I don’t cook dinner every day. In fact, I usually only cook real food when I have company or am going to work. Rachael is an unreliable dinner companion, and I don’t enjoy preparing a meal and then eating it alone. When I am home by myself, I frequently have Cheerios or Corn Pops (my very favorite) for dinner. If I am feeling terribly gourmet, I slice a banana or chop some fruit to put on top. At work, someone always eats with me, so it is a more social event, and therefore more labor-worthy. In fact, when I get out my dinner, my colleagues often come in to see what I have prepared. Then they sit around and discuss it. This puts a bit of pressure on me, especially if I haven’t gotten groceries enough for something tasty or interesting. One day I had very little on hand, and had purchased one of those yummy Asian noodle soup “just add hot water” things. On a previous occasion, several people were shocked that I had brought a microwave Indian dinner, and this soup would be even more of a letdown for my image (such as it is!) as well as a blow to my vanity. I was telling Rebecca how what I really wanted to eat was a bowl of already made noodle soup –I LOVE Japanese noodles- but felt pressure to please my dinnertime audience. She suggested that I dress it up. What a great idea! I had some mushrooms and some baby bok choy, so I sautéed that along with garlic and onions, added some ginger, and had a lovely meal. The audience was impressed and satisfied and I had my packaged soup.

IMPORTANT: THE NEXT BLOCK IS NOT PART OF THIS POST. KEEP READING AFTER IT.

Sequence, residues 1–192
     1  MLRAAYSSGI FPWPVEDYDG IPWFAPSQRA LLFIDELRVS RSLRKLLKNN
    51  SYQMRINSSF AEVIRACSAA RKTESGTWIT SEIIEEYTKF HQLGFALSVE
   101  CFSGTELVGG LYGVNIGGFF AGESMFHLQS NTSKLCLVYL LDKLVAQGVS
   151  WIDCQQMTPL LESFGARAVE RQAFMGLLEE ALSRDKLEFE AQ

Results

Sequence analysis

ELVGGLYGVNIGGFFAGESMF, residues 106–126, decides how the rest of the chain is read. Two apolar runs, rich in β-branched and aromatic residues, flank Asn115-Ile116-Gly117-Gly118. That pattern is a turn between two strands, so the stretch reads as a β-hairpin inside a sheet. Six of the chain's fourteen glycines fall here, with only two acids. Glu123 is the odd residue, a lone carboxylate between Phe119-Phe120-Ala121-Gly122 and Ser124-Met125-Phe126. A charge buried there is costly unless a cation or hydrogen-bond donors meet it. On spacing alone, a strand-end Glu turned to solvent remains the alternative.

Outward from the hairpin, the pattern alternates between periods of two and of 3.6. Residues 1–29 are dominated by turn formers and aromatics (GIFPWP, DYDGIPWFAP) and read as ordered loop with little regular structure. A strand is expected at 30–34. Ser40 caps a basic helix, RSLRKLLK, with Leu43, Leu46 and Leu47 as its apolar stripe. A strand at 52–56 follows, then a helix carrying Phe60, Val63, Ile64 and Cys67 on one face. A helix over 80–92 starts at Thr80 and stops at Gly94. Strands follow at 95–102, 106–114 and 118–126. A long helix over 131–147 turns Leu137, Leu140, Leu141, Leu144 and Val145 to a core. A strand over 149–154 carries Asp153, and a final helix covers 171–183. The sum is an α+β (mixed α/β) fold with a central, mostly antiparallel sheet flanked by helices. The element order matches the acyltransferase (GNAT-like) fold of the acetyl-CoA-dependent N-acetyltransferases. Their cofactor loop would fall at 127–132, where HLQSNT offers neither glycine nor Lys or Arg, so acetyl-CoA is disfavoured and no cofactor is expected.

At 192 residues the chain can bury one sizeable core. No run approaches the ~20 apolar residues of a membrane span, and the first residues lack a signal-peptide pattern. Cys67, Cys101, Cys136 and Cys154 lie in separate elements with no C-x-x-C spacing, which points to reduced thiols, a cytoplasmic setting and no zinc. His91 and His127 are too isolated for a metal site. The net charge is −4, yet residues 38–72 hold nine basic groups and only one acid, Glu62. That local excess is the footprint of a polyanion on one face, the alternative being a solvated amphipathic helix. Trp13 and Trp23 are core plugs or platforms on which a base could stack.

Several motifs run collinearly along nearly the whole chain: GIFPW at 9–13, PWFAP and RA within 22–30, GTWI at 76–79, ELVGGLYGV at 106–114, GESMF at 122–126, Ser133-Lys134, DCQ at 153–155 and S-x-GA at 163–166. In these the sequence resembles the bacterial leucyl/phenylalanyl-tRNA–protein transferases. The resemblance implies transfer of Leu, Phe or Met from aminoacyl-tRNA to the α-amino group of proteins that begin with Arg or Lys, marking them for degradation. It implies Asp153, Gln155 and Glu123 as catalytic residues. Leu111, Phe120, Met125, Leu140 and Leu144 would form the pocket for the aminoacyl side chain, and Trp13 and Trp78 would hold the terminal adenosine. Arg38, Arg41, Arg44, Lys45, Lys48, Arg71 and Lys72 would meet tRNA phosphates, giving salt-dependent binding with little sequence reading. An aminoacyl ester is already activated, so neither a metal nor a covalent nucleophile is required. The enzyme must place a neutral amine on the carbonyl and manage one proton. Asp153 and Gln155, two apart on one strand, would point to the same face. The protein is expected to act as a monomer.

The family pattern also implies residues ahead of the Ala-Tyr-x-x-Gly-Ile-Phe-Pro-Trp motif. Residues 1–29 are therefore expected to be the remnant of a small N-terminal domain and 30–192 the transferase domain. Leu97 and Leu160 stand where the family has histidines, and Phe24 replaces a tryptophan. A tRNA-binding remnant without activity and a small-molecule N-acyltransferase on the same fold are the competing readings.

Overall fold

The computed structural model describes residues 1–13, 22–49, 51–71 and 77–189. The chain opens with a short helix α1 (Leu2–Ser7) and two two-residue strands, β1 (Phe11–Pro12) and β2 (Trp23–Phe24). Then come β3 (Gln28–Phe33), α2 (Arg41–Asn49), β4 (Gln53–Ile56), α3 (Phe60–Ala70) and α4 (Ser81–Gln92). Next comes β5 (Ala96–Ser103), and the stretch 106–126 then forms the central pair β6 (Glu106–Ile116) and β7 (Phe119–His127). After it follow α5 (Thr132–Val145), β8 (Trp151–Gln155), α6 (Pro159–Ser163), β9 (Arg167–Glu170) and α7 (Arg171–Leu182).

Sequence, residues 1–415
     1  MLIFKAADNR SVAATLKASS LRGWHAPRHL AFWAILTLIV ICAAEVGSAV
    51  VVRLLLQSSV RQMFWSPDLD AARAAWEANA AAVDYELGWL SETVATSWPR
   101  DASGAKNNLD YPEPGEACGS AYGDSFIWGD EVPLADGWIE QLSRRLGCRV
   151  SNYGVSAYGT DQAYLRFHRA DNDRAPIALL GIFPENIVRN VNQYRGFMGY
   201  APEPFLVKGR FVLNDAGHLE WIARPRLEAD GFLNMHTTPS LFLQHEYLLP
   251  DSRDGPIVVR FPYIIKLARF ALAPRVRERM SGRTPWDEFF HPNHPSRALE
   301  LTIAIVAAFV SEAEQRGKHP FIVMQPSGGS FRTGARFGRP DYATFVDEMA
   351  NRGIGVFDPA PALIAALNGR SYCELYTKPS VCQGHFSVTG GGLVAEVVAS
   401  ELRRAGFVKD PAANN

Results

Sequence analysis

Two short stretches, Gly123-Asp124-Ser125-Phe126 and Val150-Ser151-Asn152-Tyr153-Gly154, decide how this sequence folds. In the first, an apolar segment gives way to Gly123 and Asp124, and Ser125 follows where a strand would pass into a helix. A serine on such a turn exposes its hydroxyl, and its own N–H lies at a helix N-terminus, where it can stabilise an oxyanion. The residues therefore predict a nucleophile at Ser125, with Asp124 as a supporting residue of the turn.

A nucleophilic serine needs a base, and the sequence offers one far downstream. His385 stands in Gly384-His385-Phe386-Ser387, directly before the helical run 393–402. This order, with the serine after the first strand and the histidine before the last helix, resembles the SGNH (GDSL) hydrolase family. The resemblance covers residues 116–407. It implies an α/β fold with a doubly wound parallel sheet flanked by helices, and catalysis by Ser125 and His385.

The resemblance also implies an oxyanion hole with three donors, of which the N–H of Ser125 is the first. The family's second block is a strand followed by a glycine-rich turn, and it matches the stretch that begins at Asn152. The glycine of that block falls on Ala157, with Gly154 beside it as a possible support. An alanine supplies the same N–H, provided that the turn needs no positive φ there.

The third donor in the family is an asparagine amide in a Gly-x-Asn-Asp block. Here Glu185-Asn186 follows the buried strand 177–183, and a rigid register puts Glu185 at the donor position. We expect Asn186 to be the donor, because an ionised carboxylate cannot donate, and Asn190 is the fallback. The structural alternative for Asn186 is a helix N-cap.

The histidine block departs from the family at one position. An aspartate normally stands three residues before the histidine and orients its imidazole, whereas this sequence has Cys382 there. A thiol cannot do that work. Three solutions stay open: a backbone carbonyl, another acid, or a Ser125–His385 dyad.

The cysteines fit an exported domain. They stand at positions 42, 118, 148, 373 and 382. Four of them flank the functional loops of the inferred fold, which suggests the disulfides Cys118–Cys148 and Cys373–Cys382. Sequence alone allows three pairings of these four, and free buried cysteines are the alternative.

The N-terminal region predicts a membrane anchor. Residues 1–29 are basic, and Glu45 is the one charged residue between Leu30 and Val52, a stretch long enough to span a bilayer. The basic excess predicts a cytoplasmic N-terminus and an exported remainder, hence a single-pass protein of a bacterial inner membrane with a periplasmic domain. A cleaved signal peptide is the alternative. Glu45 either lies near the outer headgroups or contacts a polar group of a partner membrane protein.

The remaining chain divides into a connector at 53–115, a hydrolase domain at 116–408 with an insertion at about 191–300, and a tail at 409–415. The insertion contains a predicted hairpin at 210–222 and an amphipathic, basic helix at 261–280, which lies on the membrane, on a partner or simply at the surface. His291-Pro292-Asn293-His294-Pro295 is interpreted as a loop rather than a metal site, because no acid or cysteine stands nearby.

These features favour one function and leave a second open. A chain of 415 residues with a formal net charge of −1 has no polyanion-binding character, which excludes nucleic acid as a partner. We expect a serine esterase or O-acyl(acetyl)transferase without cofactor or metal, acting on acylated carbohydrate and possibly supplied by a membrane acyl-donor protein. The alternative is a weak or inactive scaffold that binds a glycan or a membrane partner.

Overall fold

One of my standbys is spinach salad, pictured here, and another is tabouleh, always a success as long as you have flavorful tomatoes. Here is a recipe for the tabouleh.
1 cup of bulghur
½ cup chopped lovely red onions
½ cup chopped parsley, cilantro and basil or mint
About 1 cup chopped tomatoes
Juice of one lemon
Salt (about ½ teaspoon) and a few generous grinds of pepper
Olive oil – about 2-3 tablespoons
This recipe depends entirely on the tomatoes. They must be flavorful and delicious.
Put the bulghur in a bowl and pour in enough hot water to cover it with some to spare. Let it sit until the bulghur is soft – softer than al dente, but not much softer. If the water is absorbed before the bulghur is soft, add more water. This will take about a half hour.
Meanwhile, chop the vegetables. When the bulghur is soft, drain it in a sieve. Add the vegetables, lemon juice, salt and pepper. Stir it up gently. Taste it to check the salt. Add the olive oil and stir that in. Voila! Yummers!
Today I added a nectarine to it and that was very good.
9 hours ago